Design chain management : inter-organisational coordination of product development in the UK automotive industry
Twigg, David (1995) Design chain management : inter-organisational coordination of product development in the UK automotive industry. PhD thesis, University of Warwick.
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Official URL: http://webcat.warwick.ac.uk/record=b1404005~S1
This thesis examines the inter-firm management of product development between a vehicle manufacturer and six component suppliers actively participating in the design and development process. It introduces the notion of design chain management, in a similar way to the supply chain concept has been used to describe logistics and purchasing relationships. This concept enables the product development process to be considered at the inter-firm level between supplier and vehicle manufacturer. Specifically, the research investigates: the nature of the inter-firm design process; the changing requirements of the inter-firm relationship; and the mechanisms that promote inter-firm design transactions. There is an extensive literature review, integrating related themes in product development; coordination mechanisms; inter-firm relationships; information processing; and supplier involvement. This review develops the key components for managing design at the inter-firm level, which forms the basis for an empirical examination of one UK vehicle manufacturer and six of its component suppliers. The empirical part consists of in-depth analyses of the design management process within each case study, and across the buyer-supplier relationship. The research presents a classification of suppliers involved in product development based on their relative responsibility for design, and the position each enters the product development process. The thesis concludes that the core suppliers involved in early exchanges of design information require more attention to long-term structural mechanisms, such as supplier development initiatives, than to the use of CAD/CAM or ED!. In particular, suppliers are investing in placing their own staff permanently within their customer premises, in the form of guest (resident) engineers, and this is an area in need of further research. In addition, there is a need for post-project reviews at both the vehicle programme level and the individual system and component level. As project management is devolved to the supply base, the ability to project manage both internally and externally will determine those firms able to compete effectively in the market place.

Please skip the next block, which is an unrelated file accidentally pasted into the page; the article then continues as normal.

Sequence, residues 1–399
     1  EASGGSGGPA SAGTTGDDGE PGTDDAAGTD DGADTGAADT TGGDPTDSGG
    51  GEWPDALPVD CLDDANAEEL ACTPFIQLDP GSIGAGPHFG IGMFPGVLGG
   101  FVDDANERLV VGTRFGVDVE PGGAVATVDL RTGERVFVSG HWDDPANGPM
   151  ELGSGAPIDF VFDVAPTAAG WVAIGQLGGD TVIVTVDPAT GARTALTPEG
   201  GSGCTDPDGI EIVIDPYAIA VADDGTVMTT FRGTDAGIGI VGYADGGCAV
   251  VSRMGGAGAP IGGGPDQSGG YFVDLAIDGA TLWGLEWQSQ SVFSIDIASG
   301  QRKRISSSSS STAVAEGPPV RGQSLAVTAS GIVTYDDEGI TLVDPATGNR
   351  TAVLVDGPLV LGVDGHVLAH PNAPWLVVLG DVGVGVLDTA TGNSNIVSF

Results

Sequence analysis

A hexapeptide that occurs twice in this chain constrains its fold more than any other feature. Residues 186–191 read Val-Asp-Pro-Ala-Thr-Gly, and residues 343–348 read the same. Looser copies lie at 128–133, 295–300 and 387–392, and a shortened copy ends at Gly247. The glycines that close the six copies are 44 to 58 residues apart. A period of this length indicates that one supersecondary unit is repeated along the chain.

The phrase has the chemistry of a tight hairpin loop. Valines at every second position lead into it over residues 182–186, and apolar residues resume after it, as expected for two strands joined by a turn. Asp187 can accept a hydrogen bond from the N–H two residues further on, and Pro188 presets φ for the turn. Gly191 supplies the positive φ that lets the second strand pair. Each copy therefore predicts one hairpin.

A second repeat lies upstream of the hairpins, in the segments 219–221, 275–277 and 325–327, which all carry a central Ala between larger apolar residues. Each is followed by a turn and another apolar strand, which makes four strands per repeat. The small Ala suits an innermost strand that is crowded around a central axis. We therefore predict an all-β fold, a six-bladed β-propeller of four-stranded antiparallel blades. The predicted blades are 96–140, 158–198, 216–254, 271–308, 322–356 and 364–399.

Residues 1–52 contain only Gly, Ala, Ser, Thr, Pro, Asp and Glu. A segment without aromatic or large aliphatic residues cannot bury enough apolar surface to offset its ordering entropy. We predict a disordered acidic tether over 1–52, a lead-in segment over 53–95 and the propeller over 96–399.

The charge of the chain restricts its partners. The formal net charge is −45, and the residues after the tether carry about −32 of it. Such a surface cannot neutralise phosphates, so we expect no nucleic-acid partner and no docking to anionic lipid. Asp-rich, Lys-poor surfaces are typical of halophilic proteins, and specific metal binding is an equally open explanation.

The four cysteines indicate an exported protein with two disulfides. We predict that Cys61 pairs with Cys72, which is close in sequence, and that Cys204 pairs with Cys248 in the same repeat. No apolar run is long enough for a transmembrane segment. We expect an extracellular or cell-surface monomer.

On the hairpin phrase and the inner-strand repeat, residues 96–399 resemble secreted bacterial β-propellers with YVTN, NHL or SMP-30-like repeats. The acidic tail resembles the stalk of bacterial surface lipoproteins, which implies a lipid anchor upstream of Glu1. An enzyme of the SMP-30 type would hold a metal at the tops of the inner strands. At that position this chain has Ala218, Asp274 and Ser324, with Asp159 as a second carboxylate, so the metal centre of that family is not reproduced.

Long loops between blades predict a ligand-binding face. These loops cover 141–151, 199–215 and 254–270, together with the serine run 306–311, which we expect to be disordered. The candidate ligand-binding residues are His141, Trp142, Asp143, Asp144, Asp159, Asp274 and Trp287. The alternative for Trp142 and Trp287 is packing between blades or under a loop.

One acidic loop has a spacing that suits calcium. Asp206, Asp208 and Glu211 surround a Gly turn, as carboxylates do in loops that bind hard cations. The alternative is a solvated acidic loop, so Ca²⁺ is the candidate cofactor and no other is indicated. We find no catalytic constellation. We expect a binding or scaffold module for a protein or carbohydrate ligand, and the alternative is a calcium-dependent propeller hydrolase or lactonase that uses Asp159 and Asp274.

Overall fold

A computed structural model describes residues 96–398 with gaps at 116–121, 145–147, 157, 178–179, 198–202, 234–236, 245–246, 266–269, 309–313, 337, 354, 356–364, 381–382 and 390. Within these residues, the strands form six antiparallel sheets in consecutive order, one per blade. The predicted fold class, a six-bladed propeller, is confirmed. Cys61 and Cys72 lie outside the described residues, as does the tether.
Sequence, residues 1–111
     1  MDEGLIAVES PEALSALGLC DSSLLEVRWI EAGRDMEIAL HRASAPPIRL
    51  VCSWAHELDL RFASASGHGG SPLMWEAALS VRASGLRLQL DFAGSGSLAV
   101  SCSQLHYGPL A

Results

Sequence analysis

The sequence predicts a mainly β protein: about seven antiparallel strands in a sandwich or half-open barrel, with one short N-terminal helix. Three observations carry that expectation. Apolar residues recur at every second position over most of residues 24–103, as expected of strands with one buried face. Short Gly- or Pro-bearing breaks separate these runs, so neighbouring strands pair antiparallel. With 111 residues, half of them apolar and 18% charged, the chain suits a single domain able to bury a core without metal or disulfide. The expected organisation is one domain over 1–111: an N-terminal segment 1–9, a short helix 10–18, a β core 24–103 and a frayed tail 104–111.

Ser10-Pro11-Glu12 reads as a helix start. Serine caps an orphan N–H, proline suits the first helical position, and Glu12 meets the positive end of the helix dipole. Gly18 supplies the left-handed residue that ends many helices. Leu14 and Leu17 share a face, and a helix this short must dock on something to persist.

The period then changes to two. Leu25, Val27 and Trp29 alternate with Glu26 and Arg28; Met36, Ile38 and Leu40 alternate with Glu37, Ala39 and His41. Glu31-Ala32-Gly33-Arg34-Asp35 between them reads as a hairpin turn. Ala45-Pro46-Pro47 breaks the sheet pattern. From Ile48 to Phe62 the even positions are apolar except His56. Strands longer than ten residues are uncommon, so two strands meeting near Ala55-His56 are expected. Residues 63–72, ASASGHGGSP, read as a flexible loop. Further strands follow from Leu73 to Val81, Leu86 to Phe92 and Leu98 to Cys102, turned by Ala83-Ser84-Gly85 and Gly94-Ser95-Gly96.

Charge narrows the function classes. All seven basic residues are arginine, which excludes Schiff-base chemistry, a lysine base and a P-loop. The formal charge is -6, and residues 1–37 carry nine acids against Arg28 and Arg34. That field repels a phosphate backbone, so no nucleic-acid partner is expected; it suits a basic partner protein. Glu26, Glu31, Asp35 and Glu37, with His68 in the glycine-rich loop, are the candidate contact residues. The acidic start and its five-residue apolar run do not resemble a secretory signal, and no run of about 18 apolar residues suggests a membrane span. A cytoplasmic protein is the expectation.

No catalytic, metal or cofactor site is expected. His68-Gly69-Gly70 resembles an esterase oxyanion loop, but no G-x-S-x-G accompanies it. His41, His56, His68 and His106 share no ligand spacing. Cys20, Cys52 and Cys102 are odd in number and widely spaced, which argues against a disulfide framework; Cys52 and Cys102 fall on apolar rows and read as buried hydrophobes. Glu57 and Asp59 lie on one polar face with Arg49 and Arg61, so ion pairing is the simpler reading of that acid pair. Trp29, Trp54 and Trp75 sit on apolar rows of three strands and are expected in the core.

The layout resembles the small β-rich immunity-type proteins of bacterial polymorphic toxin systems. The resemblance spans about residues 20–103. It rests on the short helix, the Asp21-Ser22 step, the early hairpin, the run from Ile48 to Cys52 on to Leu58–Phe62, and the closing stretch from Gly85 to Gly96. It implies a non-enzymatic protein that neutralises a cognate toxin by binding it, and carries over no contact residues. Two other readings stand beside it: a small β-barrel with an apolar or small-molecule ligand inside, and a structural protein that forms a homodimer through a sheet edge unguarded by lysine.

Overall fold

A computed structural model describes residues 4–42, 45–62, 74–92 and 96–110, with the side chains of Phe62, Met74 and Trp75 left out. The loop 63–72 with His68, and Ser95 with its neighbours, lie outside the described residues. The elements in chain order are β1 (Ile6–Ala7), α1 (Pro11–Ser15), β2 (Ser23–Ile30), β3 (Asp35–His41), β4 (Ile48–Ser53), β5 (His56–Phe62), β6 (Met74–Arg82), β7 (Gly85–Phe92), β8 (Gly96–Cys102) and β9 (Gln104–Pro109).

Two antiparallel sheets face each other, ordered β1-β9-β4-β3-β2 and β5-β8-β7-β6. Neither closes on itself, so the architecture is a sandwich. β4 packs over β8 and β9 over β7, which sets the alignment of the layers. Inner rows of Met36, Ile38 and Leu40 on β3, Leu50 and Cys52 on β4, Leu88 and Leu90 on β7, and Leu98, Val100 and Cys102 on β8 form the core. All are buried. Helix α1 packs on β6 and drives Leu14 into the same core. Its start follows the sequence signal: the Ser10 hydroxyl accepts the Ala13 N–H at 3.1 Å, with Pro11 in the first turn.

|Item Type:||Thesis or Dissertation (PhD)|
|Subjects:||H Social Sciences > HD Industries. Land use. Labor|
|Library of Congress Subject Headings (LCSH):||Product design, Industrial procurement, Motor vehicle industry -- Great Britain -- Case studies|
|Institution:||University of Warwick|
|Theses Department:||Warwick Business School|
|Sponsors:||Economic and Social Research Council (Great Britain) (ESRC) (R00429134281)|
|Extent:||xvi, 367,  leaves|
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